Annie Get Your Gun
The kings of Tin Pan Alley—Irving Berlin, Jerome Kern, George Gershwin, and the rest—were a collegial but competitive bunch. Quick to praise each other’s music and to pay one another generous formal tributes, they dined together, played cards together, occasionally vacationed together—but always kept a sharp eye on the sales figures, their own and their rivals’.
Something of this friendly, feisty spirit seems to have permeated much of the writing about them. In biographies and theater reviews, in album liner notes and reminiscences, one is forever coming upon rankings and hierarchies: who was the best songwriter, and who the next best, which were the five finest musicals, the ten all-time greatest ballads. This is the domain of aficionados, and categories rapidly ramify into subcategories: the best bar songs ever written, the finest torch songs, the cleverest list songs…
But even among people keen for argument, there’s little dispute over who enjoyed the most remarkable life. What could be a more implausible, inspiring tale than that of Irving Berlin, born in 1888, who sold the rights to his first song for thirty-seven cents and went on to triumph, in his hundred-and-one years on the planet, in one musical revolution after another? More than half a century elapsed from his first hit, “My Wife’s Gone to the Country, Hurrah! Hurrah!,” in 1909, to his last Broadway show, Mr. President, which closed in 1963. (George Gershwin, by poignant contrast, was dead at the age of thirty-eight, felled by an undiagnosed brain tumor.)
Berlin launched his career in raucous Lower Manhattan, in an age when songs were boosted through “song-pluggers” in bars and theaters and stores, and hits were measured in the currency of sheet music; he plugged away as fervently as anyone, tossing off hit after hit, and became a partner in a firm of musical publishers by the age of twenty-three. When the rise of radio eclipsed the sheet music business—when a family no longer needed to perform a song themselves in order to bring it into their home—Berlin dominated the airwaves. When movies learned to talk and sing, he ventured out to California and, in a pair of Astaire-Rogers films, lifted the Hollywood musical to heights never since surpassed. He was still a commanding musical force—advance sales for Mr. President were a then-unprecedented two-and-a-half-million dollars—on the eve of Beatlemania.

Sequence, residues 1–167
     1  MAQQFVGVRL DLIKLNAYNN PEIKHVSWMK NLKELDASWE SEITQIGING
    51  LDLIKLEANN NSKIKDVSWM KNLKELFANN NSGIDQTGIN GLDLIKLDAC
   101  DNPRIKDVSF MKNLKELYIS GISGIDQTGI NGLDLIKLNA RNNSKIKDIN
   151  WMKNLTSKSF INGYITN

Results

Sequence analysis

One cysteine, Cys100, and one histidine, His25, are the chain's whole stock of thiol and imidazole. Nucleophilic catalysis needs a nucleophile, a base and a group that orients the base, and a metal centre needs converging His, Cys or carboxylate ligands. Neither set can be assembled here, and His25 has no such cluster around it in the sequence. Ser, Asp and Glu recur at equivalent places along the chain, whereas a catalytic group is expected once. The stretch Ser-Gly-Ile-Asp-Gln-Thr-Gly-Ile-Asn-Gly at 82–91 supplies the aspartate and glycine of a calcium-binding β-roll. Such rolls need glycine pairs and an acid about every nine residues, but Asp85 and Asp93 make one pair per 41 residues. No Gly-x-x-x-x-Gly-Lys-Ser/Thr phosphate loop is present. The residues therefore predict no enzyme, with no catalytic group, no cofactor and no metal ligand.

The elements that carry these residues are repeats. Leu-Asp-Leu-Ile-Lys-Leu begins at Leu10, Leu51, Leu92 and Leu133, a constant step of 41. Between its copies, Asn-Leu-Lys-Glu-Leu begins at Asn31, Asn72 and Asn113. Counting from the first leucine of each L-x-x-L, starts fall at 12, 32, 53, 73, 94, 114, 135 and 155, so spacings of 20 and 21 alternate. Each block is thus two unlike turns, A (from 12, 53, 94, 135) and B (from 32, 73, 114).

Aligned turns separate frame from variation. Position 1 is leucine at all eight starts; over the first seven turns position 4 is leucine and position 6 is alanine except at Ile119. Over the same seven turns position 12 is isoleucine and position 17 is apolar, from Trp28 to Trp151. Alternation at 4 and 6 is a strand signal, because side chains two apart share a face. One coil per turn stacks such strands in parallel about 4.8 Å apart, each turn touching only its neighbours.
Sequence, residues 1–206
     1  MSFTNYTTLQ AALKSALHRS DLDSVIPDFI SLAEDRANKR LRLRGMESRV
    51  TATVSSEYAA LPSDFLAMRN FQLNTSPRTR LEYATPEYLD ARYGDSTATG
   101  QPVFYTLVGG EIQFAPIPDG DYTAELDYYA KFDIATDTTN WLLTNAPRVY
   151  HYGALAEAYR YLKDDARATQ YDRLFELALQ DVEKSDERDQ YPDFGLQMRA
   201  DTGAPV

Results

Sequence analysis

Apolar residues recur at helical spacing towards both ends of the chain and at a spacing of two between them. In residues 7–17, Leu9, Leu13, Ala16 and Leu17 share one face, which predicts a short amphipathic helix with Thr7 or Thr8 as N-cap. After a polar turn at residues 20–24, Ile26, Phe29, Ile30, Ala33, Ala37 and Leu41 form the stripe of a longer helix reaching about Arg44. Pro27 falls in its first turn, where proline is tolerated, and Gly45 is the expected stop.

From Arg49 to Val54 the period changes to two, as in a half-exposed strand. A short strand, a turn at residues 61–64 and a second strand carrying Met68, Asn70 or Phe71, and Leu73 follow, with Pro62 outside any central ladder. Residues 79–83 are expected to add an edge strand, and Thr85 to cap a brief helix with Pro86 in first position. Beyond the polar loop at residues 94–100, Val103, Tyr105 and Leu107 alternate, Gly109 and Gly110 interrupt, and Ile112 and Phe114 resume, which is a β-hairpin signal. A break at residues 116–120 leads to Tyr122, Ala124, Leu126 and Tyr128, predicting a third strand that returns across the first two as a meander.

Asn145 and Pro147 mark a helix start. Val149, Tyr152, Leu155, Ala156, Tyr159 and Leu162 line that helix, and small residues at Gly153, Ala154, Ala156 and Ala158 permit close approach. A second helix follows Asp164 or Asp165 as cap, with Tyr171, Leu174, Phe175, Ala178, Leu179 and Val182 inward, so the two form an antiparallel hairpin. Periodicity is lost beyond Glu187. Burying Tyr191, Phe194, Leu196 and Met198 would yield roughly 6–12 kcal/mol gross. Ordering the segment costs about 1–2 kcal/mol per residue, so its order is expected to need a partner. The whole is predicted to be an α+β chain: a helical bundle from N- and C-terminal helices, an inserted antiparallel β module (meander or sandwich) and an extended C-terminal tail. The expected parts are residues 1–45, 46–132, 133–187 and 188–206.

There’s a pleasing irony to the notion that the man who became our nation’s unofficial songwriter laureate (the creator of, among other things, “God Bless America”) wasn’t born in this country—and a second appealing irony to the notion that his family origins were so misty. He might have sprung from Anywhere, Foreignland. No one in the family seemed to recall precisely where the Berlins had variously originated—“back in Russia” was about all that was certain. (Berlin’s daughter Mary Ellin Barrett reports, in her appealing account of her parents’ marriage, Irving Berlin: A Daughter’s Memoir, that “latter-day research…indicates that my father was probably born in western Siberia.”) To complicate matters, the Berlins weren’t…
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